"returning it for a b-berry"2.5 starson by bakertc0
Pros: sexy, cool, innovative
Cons: buggy, fails to perform as a business communications tool
Summary: I have been a user of smartphones for almost 10 years. I have to say that the best one I ever had was the Palm Treo. The last one I had was the Cingular 8525 HTC TyTn and I hated it - rife with performance problems. I waited for months for the iPhone 3G so I could ditch the HTC device. I suffered like many did just trying to get AT&T/Apple to fulfill my order - another long story there. Now that I have been an iPhone 3G user for almost four weeks, here are my frustrations listed in priority order:
1.) Buggy Phone UI; When you are on a call and holding the iPhone to your ear, the accelerameter (I guess) knows this and shuts off the display to conserve battery. When you pull the phone down to look at it, the display turns back on. Neat idea, when it works. I have found that mostly when signal strength is weak, the phone fails to turn back on the display. No matter what orientation I put the phone in, can't get the display to come back on. This is maddening when you are on one of those already maddening IVR menu systems (like Verizon's) trying to enter your phone number but you can't because the display won't let you access the keypad.
2.) 3G Network; I live in Union County, NJ, which according to AT&T's coverage map is completely saturated with 3G network support. BS. In my house I get 'no service' or one bar, which exacerbates problem #1 above. Already well documented is the problem in which iPhone 3G fails to down shift from 3G to Edge network support. This is just plain unacceptable - to require the user to go into settings, general, network, to disable 3G in order to get analog/Edge service is ridiculous. BTW, I confirmed this phenomenon - in my house when I disable 3G I go from 'no service' to three bars. Tolerable when I'm sitting at home, unacceptable when I'm traveling for business.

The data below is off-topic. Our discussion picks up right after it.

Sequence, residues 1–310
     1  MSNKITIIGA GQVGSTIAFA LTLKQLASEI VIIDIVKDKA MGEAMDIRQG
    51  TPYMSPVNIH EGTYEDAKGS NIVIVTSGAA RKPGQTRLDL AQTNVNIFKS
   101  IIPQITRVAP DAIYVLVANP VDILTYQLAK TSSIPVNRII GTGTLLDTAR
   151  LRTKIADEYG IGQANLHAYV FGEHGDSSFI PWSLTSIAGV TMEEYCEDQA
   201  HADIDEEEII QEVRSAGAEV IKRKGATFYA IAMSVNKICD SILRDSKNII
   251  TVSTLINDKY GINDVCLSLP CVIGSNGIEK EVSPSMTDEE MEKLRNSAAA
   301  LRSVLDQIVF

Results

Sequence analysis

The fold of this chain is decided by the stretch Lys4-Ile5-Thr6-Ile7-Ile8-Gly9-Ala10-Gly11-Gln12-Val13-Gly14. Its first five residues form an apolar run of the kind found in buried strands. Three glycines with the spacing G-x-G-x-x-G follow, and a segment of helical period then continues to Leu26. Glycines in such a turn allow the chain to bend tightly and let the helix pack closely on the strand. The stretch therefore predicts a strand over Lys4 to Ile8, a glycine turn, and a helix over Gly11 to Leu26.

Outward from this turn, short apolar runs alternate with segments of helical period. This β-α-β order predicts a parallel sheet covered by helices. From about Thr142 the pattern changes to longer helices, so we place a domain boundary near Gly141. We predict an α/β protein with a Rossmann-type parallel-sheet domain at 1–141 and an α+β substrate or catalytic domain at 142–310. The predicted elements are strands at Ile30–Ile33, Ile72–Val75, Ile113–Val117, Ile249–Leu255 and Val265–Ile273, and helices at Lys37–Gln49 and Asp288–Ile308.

3.) No Copy/Paste; I had no idea how frustrating this would be. Someone txt's you their contact details? You have to write it all down on a piece of paper in order to type it all back into Contacts.
4.) "Not designed for iPhone"; Apparently the 3G is so different from last generation that Apple decided to block/prevent older accessories from working. Already documented is the lack of A2DP stereo bluetooth support. I read a blog from a guy recommending the iCombi AP21 bluetooth adapter as a workaround (while he likewise complained about Apple's decision not to support A2DP), so I bought one on eBay. When I plugged it into the iPhone 3G a popup message says 'Not designed for iphone' - so it does nothing for you. (I've reverted to using it with my old ipod). Likewise, I bought a car charger (because the iPhone out of the box doesn't come with) and even though it says right on it 'works with iphone' the 3G says "Not designed…" and refuses to accept it as a charging device. And I have an older iDoc stereo - same thing, refuses to accept a charge (but does play music through it, thankfully).
5.) Phat fingers; I was worried that typing on the display would be awkward. I am very fast and pretty accurate on keyboards of almost any size. Learning how to 'trust' the intelli-type's ability to guess what I'm trying to type when I press the wrong letter isn't working for me. If you are a one finger typist, maybe you'll love this. I'm finding it pretty frustrating.
I rated it average, which to me is a major disappointment after all the expectations building. It is truly innovative and does many things well, it's sexy and cool and lives up to lots of the hype. But it fails me because it's not a convergence device if it fails to perform as a basic phone and email machine first.